Journal of Autism and Developmental Disorders

, Volume 49, Issue 4, pp 1352–1365 | Cite as

Predictors of Pragmatic Communication in School-Age Siblings of Children with ASD and Low-Risk Controls

  • Kathryn J. Greenslade
  • Elizabeth A. Utter
  • Rebecca J. LandaEmail author
Original Paper


Little empirical evidence exists about school-age pragmatic communication or predictors in siblings at heightened familial risk for ASD (HR) and low-risk (LR) controls. The Pragmatic Rating Scale-School-Age (Landa unpublished) was scored for 49 HR siblings and 18 LR controls at 8–12 years. Social-communication and language measures were collected between 14 and 36 months. At 36-months, siblings were classified as ASD (HR-ASD, n = 15), broad autism phenotype (HR-BAP, n = 19), or typically developing (HR-TD, n = 15). Results revealed a pragmatic continuum with significantly better scores for HR-TD than HR-BAP or HR-ASD, and HR-BAP than HR-ASD. Per regression models including all participants, 14-month joint attention initiations predicted school-age pragmatic communication, as did 24-month social-communication and expressive language scores. Early joint attention, social-communication, and language abilities contribute to later pragmatic functioning.


Pragmatic language High risk siblings Broad autism phenotype Joint attention Social-communication Autism 



This research was funded by Grant MH59630 from the National Institute of Mental Health (R.J.L., principal investigator). We also thank the many research clinicians who collected this study’s data, and the superb staff who provided administrative support, videotaped assessment sessions, and processed data. We also thank Luther Kalb for his expert consultation in nonparametric statistical analysis. Most importantly, we thank the participants and their families, who made this study possible.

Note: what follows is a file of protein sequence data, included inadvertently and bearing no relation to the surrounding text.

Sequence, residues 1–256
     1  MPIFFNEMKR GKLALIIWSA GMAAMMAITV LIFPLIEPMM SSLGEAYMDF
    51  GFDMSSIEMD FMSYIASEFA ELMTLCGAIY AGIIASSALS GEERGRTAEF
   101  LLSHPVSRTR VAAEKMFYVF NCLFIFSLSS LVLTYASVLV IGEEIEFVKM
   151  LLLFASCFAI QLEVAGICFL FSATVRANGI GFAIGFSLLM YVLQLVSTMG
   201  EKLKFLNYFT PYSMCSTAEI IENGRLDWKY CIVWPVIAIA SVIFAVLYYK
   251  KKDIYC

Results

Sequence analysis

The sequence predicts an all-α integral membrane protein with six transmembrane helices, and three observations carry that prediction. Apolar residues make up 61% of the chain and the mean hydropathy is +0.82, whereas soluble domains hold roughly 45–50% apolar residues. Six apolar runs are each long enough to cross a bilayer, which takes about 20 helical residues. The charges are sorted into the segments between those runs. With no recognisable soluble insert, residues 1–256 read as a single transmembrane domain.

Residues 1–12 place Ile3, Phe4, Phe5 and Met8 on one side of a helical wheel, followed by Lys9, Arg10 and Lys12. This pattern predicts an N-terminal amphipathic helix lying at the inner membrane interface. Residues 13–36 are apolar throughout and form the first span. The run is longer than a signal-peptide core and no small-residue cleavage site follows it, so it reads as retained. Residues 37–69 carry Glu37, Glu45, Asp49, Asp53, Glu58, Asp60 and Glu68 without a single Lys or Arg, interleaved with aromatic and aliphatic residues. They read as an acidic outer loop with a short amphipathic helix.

Author Contributions

RJL conceived of the study and obtained the funding. KJG and RJL planned the analyses. KJG and EAU coded the PRS-SA data, with input from RJL. KJG conducted the analyses. KJG and RJL interpreted the results. KJG took the lead in writing the manuscript. RJL provided critical feedback and helped shape the manuscript. EAU read and agreed with the contents of the manuscript.

Compliance with Ethical Standards

Conflict of interest

No conflicts of interest are declared.

Ethical Approval

All procedures performed in this study involving human participants were in accordance with the ethical standards of the institutional and/or national research committee and with the 1964 Helsinki declaration and its later amendments or comparable ethical standards. All families gave written informed consent for child participation; at school-age, children provided verbal assent.


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Copyright information

© Springer Science+Business Media, LLC, part of Springer Nature 2018

Authors and Affiliations

  1. 1.Department of Communication Sciences and DisordersUniversity of New HampshireDurhamUSA
  2. 2.Kennedy Krieger InstituteCenter for Autism and Related DisordersBaltimoreUSA
  3. 3.Department of Psychiatry and Behavioral SciencesJohns Hopkins University School of MedicineBaltimoreUSA

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